Dot Your I’s and Cross Your T’s for Motor Carrier Compliance
Sunday, June 16, 2024
by: Terry Reil- Pro Fleet LLC

Section: Project Roadsafe

We’ve talked about the importance of your compliance and how you should evaluate where you’re at with your DOT compliance in the first two articles.  In this article, let’s start diving into some of the specifics you’ll be looking at.  The jumping off point for this article will be your driver qualification files.  There’s lots of requirements here and lots to look at and know.
An audit or assessment worksheet is very helpful when evaluating your driver qualification files, especially if you have a lot of drivers.  Oh, and by the way, this is for anyone driving commercial motor vehicles, not just CDL drivers.  Local vendors such as PRO Fleet LLC from East Barre, VT who provide motor carriers with compliance support, can provide these checklists or complete the evaluation of your files for you.
The employment application for a CDL driver is very different from a standard employment application.  It contains information specific to CMV drivers that is required.  So, is your application a “driver’s application”?  If not, you’ll need to acquire these and have them completed.  Make sure the entire driver’s application is completed and signed.  If there is a place for the date of hire, include it, or simply record it at the top of the application.  Many annual driver qualification tasks will become due based on this date so it’s important to have easy access to it.
The application includes a place for the driver to acknowledge and report accidents and violations.  There is also room for a driver to report up to ten years of employment history.  These need to be complete and accurate.  The pre-employment driver motor vehicle record should match up with what the driver has reported.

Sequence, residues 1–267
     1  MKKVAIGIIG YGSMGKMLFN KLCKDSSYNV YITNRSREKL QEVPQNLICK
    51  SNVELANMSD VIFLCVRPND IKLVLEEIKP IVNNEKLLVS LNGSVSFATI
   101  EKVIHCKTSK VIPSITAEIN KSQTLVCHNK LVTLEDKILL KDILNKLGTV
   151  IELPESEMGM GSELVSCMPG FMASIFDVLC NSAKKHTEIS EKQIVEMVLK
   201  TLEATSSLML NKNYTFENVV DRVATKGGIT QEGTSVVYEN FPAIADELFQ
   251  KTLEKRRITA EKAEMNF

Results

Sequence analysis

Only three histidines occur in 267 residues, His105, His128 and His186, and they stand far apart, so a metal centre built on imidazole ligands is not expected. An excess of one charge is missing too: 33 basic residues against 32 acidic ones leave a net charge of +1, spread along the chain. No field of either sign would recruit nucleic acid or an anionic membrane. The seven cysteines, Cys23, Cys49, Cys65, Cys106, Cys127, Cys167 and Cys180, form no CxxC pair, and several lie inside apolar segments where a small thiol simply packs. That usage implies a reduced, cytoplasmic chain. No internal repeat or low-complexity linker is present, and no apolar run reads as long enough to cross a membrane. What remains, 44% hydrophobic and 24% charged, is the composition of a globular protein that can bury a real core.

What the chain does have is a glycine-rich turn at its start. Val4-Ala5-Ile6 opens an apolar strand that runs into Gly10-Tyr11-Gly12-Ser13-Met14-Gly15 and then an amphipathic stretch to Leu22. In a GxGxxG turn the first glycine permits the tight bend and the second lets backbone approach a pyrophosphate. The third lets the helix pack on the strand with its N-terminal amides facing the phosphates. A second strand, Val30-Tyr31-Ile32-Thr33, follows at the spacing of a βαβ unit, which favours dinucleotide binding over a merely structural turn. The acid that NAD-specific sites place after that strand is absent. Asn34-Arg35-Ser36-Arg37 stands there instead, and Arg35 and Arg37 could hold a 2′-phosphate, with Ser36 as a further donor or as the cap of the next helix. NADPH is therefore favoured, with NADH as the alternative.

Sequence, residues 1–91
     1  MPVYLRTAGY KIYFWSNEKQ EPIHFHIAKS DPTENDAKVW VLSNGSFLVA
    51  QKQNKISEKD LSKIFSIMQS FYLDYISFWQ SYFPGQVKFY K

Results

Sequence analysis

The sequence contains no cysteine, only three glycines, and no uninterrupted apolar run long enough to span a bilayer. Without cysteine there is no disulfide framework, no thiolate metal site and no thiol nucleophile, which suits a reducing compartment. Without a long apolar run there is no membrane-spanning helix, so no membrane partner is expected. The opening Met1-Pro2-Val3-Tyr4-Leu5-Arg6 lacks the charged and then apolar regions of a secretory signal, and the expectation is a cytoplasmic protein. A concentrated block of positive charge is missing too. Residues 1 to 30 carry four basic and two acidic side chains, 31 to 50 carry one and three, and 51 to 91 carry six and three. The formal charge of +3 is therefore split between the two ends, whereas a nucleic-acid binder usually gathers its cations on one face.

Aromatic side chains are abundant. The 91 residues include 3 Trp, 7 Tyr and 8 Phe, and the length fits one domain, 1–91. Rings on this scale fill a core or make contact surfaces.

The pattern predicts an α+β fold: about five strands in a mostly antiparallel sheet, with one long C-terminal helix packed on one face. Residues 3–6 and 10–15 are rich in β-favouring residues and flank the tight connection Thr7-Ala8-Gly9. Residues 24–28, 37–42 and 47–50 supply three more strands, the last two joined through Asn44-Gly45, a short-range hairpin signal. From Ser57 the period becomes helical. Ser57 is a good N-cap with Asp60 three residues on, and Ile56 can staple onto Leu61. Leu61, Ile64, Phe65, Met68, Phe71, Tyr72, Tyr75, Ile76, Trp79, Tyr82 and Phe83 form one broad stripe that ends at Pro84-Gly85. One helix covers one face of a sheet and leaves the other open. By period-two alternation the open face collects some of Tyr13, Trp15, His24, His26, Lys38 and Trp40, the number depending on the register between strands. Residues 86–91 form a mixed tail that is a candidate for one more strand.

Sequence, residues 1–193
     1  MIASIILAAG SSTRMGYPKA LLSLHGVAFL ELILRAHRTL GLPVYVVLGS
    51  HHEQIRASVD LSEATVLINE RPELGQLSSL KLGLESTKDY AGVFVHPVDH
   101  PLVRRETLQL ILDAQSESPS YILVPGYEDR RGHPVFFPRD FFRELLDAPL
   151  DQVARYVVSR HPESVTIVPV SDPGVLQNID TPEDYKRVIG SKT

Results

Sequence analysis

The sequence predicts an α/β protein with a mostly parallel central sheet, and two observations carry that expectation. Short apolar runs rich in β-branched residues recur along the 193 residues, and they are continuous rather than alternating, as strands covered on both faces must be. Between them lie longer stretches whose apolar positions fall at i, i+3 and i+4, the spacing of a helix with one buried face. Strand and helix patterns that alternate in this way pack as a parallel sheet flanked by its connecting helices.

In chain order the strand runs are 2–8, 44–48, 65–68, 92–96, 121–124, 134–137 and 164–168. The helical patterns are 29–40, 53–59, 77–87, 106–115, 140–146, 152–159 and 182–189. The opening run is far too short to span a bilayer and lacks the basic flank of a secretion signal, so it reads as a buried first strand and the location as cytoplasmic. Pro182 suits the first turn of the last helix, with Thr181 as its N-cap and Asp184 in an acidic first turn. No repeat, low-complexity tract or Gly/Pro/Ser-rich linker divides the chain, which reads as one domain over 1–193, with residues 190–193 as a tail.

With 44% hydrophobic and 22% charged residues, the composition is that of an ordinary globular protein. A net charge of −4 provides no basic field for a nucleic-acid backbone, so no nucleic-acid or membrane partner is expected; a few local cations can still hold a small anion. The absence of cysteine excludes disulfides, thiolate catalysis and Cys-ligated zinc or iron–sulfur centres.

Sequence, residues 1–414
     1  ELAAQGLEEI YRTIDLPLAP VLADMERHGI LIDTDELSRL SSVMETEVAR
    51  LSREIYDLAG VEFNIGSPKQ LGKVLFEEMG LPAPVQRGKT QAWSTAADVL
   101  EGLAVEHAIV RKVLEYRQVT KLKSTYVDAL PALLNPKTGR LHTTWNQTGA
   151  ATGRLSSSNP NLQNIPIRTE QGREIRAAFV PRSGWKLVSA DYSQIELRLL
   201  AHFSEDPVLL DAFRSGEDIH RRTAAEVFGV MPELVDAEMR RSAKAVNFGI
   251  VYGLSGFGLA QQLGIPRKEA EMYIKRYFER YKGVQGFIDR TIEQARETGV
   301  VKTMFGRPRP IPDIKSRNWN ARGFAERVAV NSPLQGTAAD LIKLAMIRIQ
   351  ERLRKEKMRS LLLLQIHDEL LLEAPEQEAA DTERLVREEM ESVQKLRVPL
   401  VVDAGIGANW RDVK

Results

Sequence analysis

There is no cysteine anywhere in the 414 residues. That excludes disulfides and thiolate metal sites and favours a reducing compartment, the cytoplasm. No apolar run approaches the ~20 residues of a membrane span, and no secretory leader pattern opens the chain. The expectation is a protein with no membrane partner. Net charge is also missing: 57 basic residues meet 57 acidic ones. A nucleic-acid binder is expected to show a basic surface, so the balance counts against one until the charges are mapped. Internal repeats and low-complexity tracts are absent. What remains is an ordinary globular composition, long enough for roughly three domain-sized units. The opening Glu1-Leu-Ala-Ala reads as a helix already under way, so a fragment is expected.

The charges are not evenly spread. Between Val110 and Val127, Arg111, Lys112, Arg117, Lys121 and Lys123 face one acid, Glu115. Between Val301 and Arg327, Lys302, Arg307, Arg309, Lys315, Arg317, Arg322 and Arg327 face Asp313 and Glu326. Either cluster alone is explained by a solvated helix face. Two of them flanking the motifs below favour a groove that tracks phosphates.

The pre-employment driver motor vehicle record requires the driver to consent here in Vermont.  A form may be acquired from VT DMV.  Once you have a driver’s motor vehicle record, you should review it in detail.  Does the driver have the correct class license and endorsements?  When does the license expire?  Does the driver have any violations or accidents?  Is the driver’s medical certification current?  When does that expire?
If the driver has less than a year of driving experience, you should have a completed road test form and certification.  You should also have a copy of the driver’s current driver’s license and medical certification (card).  Inspect these and ensure the information matches with the driver’s motor vehicle record.  Note the expiration dates of each of these documents.  You should be tracking these to ensure they are renewed before expiration.
An often-missed document, the medical examiner registry certification must be completed each time a driver receives a new medical certificate (card).  This form documents that you checked the medical examiners registry to ensure the medical examiner is approved by FMCSA to complete driver certifications.
Next up, the statement of on-duty hours.  This is a pre-employment requirement that documents the driver’s on-duty hours for the seven days prior to their date of hire or start date.  As a driver of a CMV, the driver must be in compliance with hours-of-service requirements, even when switching jobs. 
The next document, which is a duplicate of information gathered on the driver’s application, is the certificate of violations.  As a best practice, I prefer this to be a form by itself.  It is simply the driver’s acknowledgment and report of any violations within the last three years. 
Lastly, annually on the CMV driver’s hire date anniversary, you must run their motor vehicle record after acquiring their consent.  You will review this report in detail to ensure the driver has not had any violations, accidents, or suspensions in the last twelve months.  Your review must be documented on an additional form annually as well.
This completes the first part of your review of driver qualification files.  In the next issue we’ll cover the second half of driver qualification files, which includes a safety background check and drug and alcohol documentation.
Check in next issue to learn more about how to dot your i’s and cross your t’s for motor carrier compliance.
Terry Reil